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People crowd a railway station platform and board a train. The train departs south towards Wellington. Older women in black hats, men with stiff collars, ties, fob watches, moustaches and pipes, some wear Exhibitor’s passes. Younger people wear white boaters. Youths wear cloth caps. Some doff hats toward camera. The station guard is surrounded by the throng as they hurry onto the train.
Passengers wave handkerchiefs from train carriages at men standing besides rail line, train passes and SIGN “Black Diamond Express LeHigh Valley Railroad” is revealed besides track - men leap onto railroad waving hats

The comment has been made that it is ‘Not a New Zealand Scene’ but this may be because the original nitrate was combined with the Edison film BLACK DIAMOND EXPRESS and the American style carriages. Yet there is a very New Zealand feel to it, and in terms of the treble track layout, station verandah outline, the location of the circular ornamentation at the end of the verandah, and the skyline background of trees also equates to the view from the south end of the Palmerston North station at this period..

The distinctive American style passenger cars with their clerestory-style roofs are characteristic of the privately owned Wellington and Manawatu Railway Co that used Palmerston North until nationalised into New Zealand Rail in 1909. See ‘A view of Palmerston North Station, North Island, New Zealand about 1900.’ (Photo taken by A.B. Harris) published in The New Zealand Railways Magazine, Volume 11, Issue 4, July 1, 1936, p. 46. New Zealand Electronic Text Centre. For a reverse view of the station see L Daroux photo ‘Palmerston North Railway Station: Departure of the New Plymouth Mail Train, Otago Witness, 9 July 1902, p.46. For the detail of the American-style clerestory roofs on the passenger cars, see ‘Engine 11 of the Wellington and Manawatu Railway Co. pulling a train out of Thorndon, Wellington, 1892, Ref: 1/2-018847-F.

The verandah design, the position of the circular ornamentation at the end of the verandah and a sense of the track layout can also be gauged from the images in J D Mahoney, Down at the Station: A Study of the New Zealand Railway Station, Dunmore Press, Palmerston North, 1987, pp.124-129.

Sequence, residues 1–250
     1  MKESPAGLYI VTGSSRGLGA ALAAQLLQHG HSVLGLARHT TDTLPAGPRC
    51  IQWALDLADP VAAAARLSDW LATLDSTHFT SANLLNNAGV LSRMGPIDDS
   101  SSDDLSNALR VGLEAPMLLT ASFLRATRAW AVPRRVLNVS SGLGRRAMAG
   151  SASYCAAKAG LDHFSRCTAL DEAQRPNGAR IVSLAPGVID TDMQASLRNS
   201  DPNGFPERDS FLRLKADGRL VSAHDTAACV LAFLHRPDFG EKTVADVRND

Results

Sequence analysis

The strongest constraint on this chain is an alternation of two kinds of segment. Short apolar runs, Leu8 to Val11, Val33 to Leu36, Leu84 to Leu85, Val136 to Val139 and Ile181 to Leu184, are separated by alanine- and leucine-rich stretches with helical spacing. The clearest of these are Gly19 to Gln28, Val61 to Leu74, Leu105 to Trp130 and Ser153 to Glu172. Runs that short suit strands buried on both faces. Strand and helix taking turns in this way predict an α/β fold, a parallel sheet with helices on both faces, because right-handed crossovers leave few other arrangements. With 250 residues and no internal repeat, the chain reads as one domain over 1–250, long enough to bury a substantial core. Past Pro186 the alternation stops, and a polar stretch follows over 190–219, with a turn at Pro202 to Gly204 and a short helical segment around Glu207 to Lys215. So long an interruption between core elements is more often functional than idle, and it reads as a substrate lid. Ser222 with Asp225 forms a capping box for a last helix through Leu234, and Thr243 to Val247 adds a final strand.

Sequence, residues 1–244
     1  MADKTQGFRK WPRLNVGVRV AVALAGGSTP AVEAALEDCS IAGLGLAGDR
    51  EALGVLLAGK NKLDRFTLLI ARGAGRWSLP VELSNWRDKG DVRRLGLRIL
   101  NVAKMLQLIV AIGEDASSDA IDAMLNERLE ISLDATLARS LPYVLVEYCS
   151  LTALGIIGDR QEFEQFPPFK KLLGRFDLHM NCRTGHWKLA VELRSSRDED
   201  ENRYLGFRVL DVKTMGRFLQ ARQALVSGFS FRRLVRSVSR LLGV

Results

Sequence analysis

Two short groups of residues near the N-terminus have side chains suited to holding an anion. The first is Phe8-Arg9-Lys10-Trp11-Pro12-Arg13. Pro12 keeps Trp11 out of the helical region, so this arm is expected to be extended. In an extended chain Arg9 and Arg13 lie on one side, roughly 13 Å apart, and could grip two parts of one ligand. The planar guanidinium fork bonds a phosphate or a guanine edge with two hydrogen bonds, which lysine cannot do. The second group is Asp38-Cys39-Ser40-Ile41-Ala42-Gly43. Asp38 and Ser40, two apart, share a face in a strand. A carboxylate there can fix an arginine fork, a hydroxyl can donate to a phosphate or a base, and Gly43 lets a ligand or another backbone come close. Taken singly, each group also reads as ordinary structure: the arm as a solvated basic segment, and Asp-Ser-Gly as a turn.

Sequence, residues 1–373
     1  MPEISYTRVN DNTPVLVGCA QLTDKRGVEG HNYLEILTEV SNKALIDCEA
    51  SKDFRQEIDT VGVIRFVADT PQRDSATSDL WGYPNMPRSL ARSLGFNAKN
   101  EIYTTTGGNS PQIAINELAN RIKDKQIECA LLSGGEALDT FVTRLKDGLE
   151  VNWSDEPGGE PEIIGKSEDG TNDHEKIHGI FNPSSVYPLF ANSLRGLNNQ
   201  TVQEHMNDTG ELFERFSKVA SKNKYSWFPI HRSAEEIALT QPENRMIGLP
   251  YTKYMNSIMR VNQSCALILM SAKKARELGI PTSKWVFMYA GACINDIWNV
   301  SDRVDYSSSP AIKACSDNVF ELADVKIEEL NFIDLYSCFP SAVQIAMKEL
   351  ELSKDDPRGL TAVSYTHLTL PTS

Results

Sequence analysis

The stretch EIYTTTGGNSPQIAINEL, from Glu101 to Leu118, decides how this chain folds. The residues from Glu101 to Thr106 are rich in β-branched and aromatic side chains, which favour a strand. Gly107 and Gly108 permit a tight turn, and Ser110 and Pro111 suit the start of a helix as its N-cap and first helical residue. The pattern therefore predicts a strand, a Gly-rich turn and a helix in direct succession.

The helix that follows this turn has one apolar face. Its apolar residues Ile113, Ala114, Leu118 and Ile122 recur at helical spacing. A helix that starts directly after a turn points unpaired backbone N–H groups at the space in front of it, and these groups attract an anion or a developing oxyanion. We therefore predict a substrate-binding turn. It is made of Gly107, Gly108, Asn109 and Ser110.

Notes by Chris Pugsley

This identification was confirmed by the Film Historian Clive Sowry who stated (7/04/2009):

“The Departure of the Wellington Train from Palmerston North Station after the Show, was probably filmed just before and about 4.55pm on Friday November 15, 1901. It was filmed by J.H. Brown as part of the “Palmerston Show by Biograph” series and was first screened by the Empire Specialty Company at the Federal Theatre, Wellington, on November 20, 1901.

This was advertised in the Evening Post on 20 November 1901, p.6, as BIOGRAPH PICTURES OF THE PALMERSTON SHOW... Departure of the Wellington Train from the Palmerston North Station after the Show’. The cameraman was identified in the article ‘The Manawatu Show’ Evening Post, 15 November 1901, p.2. ‘kinematograph pictures taken by Mr J.H. Brown, of Wellington, on behalf of Messrs. Linley and Donovan of the Empire Specialty Company, which will be shown in the city.’ “

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Year 1901

Reference number F2142

Collection Film and Video Collection

Media type Moving Image

Place of Production NEW ZEALAND/AOTEAROA

Genre Actuality

Duration 0:01:35

Production company Empire Specialty Company

Credits Camera: John Henry Brown
[Producers]: Messrs. Linley & Donovan

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